It’s easy to forget about Brandon Bass if you’re not specifically looking for him.
Since arriving in Boston on the eve of the 2011-12 season, Bass has been a quiet, steady contributor to the Celtics’ cause. Acquired to be a backup after the Celtics’ courtship of David West came up empty, Bass became a starter in his first season in green and gradually became one of the Celtics’ most reliable players. During the 2012 playoff run when the Celtics came oh-so-close to reaching a third NBA Finals in five years, Bass’ defense on LeBron James was a significant factor in Boston pushing the Heat to seven games. He showed that was not a fluke by hassling Carmelo Anthony in the Celtics’ first-round playoff run this past season.
Now, though, with an obvious rebuilding job in the works, the Celtics must consider whether it is fair to keep Bass around for two years of fringe playoff contention, at best. It seems like Bass has been around forever, but the eight-year veteran is still only 28 years old. He’s far too young to settle for a background job as a mentor on a young team, yet he’s far too old to expect to be around when — or if — Danny Ainge‘s plan comes to fruition.
But some team, somewhere, could use a physical power forward with a soft shooting touch. Bass is not quite the “stretch-four” type that has become in vogue of late, but he’s cash money from 15-18 feet off the catch and in the pick-and-pop. His strides as an on-ball defender under Doc Rivers only upped his value, although he is still a long way from a defensive stopper.
Bass has two years and $13.35 million left on his contract — not an unreasonable sum, but not an amount the Celtics can just absorb as a sunk cost while they groom Kelly Olynyk to possibly be the power forward of the future. Due to make $6.45 million this season, Bass could be packaged with Rajon Rondo to take back a bigger, expiring deal in a trade while also staying with the point guard who has created so many open looks for him in the last two years. Bass’ work ethic alone makes him valuable to the Celtics, who would love to instill his hard-working attitude in its new generation. But he has other tangible skills that could make him valuable to a contender, too.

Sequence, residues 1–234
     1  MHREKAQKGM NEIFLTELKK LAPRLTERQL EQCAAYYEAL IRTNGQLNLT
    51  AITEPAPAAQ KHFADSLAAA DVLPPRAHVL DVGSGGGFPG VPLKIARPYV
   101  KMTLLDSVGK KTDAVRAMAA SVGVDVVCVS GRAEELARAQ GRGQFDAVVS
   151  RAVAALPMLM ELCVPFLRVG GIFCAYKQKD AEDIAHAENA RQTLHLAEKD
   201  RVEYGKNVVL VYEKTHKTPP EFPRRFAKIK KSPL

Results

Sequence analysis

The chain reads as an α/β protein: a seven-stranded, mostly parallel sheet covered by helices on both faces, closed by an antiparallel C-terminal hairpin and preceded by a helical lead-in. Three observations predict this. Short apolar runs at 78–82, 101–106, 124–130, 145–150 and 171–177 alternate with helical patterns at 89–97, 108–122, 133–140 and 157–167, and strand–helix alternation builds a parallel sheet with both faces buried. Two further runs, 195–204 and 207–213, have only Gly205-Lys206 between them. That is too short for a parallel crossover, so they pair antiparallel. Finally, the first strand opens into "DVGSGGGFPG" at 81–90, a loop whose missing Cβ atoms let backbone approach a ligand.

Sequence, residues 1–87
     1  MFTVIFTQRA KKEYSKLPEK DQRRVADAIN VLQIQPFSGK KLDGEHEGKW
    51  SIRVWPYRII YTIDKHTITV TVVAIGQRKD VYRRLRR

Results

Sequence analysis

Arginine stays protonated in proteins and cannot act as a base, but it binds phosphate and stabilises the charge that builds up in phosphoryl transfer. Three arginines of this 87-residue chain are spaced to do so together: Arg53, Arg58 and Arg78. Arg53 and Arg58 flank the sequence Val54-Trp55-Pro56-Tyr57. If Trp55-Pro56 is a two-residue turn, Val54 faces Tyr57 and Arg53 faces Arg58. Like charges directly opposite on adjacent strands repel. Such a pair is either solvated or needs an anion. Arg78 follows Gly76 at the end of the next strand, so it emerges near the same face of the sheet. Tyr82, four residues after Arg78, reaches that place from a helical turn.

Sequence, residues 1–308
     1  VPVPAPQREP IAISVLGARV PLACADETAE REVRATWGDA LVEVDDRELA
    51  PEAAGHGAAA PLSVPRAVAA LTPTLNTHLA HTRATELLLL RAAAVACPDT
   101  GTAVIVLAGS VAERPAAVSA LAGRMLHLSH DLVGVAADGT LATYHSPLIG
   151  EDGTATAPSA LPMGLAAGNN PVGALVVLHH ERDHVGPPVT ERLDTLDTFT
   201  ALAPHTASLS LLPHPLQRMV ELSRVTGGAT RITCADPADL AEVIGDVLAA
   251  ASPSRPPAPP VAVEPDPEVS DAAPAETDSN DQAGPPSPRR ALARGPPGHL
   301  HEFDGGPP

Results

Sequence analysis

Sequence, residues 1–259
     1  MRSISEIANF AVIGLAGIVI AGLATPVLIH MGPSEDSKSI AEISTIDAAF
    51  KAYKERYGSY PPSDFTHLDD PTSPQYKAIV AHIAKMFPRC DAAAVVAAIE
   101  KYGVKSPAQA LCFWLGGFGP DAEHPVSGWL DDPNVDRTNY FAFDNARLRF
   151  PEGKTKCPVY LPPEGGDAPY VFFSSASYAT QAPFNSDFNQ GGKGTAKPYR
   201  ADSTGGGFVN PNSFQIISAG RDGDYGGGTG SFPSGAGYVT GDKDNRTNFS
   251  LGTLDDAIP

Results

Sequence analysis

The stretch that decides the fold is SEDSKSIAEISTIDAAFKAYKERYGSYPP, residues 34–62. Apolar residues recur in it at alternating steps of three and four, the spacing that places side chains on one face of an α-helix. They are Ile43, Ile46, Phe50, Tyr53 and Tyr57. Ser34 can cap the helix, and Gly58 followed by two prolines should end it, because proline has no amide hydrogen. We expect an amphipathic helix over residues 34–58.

In his time as a Celtic, Bass’ contributions have been overlooked while the likes of Paul Pierce and Kevin Garnett shined. Once Bass is gone, however, will the Celtics discover just how much they miss him? Vote in the poll below.
To kick off the official start to the NBA offseason, NESN.com will ask fans whether they think the Celtics should keep or move on from each player. The following day, we will provide the fans’ verdict. Here is the schedule*:
Thursday, July 11: Avery Bradley (Verdict: Keep him, 88 percent)
Friday, July 12: Brandon Bass
Monday, July 15: Rajon Rondo
Tuesday, July 16: Courtney Lee
Wednesday, July 17: Shavlik Randolph Thursday, July 18: Jeff Green
Friday, July 19: Gerald Wallace
Monday, July 22: Kris Humphries
Tuesday, July 23: Keith Bogans
Wednesday, July 24: Fab Melo
Thursday, July 25: Jared Sullinger
Friday, July 26: Kris Joseph
Monday, July 29: MarShon Brooks
Tuesday, July 30: Jordan Crawford
Wednesday, July 31: D.J. White
Thursday, Aug. 1: Colton Iverson
Friday, Aug 2: Kelly Olynyk
*Subject to change pending any moves
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